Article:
With half of the internet traffic being generated by robots and an enormous amount of false identities influencing the audiences, the line between true and false becomes blurrier than ever. Hence, reality and fiction become psychotically intertwined in a way that loud became synonymous with truth, and ‘speaking one’s mind’, without any regard for facts, becomes admired as ‘freedom fighting’.
Perhaps the most knows example of it is InfoWars. Despite having confessed that it was ‘sort of psychosis’ that made him promote the theory that Sandy Hook school shooting was staged, this did not diminish Alex Jones’s conspiracy revealing credibility. He was found guilty and ordered to pay $100,000 to the parents of a six-year-old who was among the 26 people killed in the school attack. Yet, despite openly admitting that his theory was a hoax and accusing the grieving families of being actors was nothing but a product of his imagination, Jones remains the ‘alternative facts’ authority. A ‘tireless fighter’ for the freedom of speech,… and millions of dollars that ‘freedom-fighting’ generates in commercial revenues.
Since his audience keeps giving him credit and trust he recently simply replaced ‘Sandy Hook’ with ‘Covid19’. The rest of the narrative and casting, ranging from lizards to establishment, remains the same. His outbursts of rage feed into the narratives of fear that keep scoring points for deeply irresponsible political leadership. It prepares the apocalyptic scenario background for using the images of episodes of looting and violence that emerged during the Black Lives Matter protests to claim that this is what the USA will look like if Biden becomes the President.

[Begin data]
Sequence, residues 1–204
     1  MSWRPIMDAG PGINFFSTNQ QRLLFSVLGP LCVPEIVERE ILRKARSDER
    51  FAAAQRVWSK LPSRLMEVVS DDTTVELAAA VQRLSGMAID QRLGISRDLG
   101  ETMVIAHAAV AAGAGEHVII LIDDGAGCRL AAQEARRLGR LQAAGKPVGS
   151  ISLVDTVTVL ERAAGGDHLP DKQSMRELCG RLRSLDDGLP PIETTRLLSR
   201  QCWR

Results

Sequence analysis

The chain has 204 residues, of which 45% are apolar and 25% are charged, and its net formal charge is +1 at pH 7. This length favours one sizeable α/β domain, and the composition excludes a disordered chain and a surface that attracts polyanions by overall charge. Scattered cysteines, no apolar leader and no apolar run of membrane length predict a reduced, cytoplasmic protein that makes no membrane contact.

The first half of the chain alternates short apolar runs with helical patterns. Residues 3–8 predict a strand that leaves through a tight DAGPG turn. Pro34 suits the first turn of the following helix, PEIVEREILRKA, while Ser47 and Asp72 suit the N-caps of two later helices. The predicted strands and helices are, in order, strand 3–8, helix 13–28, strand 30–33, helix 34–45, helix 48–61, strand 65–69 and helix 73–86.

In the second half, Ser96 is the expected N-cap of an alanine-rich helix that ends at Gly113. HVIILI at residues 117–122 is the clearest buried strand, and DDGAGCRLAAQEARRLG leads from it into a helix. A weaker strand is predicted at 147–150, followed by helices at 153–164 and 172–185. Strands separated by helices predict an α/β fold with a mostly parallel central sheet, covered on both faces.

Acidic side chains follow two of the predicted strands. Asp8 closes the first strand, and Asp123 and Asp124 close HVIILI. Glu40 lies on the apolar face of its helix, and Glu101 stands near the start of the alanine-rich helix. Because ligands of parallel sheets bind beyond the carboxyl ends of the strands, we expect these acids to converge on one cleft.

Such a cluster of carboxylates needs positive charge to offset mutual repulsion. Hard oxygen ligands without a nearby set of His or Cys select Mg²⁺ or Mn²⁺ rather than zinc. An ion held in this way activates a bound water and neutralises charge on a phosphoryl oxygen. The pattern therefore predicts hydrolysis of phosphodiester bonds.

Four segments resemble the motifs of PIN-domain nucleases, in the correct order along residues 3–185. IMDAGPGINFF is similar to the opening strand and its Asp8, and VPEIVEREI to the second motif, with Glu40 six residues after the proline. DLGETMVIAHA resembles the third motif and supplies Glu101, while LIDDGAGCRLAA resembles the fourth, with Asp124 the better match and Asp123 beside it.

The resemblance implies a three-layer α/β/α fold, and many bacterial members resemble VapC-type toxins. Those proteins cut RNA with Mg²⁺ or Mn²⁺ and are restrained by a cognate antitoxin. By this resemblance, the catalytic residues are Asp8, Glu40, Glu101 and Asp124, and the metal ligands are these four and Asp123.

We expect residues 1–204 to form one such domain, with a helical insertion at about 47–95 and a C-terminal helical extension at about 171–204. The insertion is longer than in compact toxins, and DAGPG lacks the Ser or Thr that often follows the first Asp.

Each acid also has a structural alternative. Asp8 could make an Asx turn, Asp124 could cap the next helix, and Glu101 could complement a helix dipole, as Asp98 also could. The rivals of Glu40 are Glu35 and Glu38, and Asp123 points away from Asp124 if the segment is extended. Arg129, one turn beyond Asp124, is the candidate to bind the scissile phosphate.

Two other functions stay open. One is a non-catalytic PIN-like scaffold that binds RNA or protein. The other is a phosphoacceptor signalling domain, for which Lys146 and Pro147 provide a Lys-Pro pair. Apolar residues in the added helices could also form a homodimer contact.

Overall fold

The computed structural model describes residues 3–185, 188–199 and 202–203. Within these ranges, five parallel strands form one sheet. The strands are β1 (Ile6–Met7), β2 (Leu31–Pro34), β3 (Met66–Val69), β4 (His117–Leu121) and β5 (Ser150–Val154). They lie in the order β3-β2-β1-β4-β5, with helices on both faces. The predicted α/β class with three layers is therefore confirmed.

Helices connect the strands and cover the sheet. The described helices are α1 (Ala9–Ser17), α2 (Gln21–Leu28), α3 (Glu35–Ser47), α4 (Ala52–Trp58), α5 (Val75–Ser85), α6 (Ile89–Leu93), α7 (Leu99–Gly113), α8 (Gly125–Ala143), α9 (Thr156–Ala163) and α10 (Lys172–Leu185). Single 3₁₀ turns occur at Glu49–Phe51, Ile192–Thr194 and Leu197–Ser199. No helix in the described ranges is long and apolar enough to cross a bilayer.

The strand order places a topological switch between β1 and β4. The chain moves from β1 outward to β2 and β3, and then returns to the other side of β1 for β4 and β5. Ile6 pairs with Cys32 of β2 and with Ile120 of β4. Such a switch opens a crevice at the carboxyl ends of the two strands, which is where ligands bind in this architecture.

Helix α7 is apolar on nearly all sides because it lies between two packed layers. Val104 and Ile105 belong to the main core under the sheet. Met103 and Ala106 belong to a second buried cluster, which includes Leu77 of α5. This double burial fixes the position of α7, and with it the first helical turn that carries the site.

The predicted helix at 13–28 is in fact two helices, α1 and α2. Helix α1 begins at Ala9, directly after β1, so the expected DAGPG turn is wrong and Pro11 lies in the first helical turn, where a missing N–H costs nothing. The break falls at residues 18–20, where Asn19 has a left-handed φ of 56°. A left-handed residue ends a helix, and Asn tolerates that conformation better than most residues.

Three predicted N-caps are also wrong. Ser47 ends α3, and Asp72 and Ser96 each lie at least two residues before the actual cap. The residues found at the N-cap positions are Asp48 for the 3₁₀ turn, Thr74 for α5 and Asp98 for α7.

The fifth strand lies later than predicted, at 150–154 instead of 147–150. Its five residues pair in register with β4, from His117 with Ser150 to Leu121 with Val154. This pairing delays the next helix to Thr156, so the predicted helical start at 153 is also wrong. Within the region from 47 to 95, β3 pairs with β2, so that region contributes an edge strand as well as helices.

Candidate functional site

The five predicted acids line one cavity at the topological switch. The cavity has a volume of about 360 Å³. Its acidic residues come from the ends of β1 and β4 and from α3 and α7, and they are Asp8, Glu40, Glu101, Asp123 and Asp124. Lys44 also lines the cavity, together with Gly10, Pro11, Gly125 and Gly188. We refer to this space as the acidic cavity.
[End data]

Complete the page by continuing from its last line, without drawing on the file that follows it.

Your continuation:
The absurd of the given practice is that images of reality are being used to construct the fictitious vision of a catastrophic future. As if these same images of reality had nothing to do with the effects of the political leadership exercised under the current Presidency.
All it takes is the army of bots activated to support this narrative and to let the avalanche do the rest.
Public opinion is one of the pillars of modern democracy and holds freedom as the absolute ideal that precedes any other. But freedom, where the public opinion is shaped by bots, is not the ideal upon which justice and equality can be sustained. That kind of freedom is a psychotic fabulation that only benefits the short term interests of selfish, greedy, and unscrupulous characters. Those political opportunists that profit from the “Let chaos reign, then rein in chaos” scenarios that are fabricated by ‘fear-entrepreneurs’ backed by armies of bots built to support them.
As the elections are approaching, their roar is getting louder. Marching under the Eye of Sauron, following the beat of the drums of Mordor. Armed by hate and anger spreading terror for ‘One ring to rule them all’.
The first presidential debate did nothing to silence the war drums. On contrary, it added more fuel to the fire and gave a sad image of what once aspired to be the leading country as a developing one.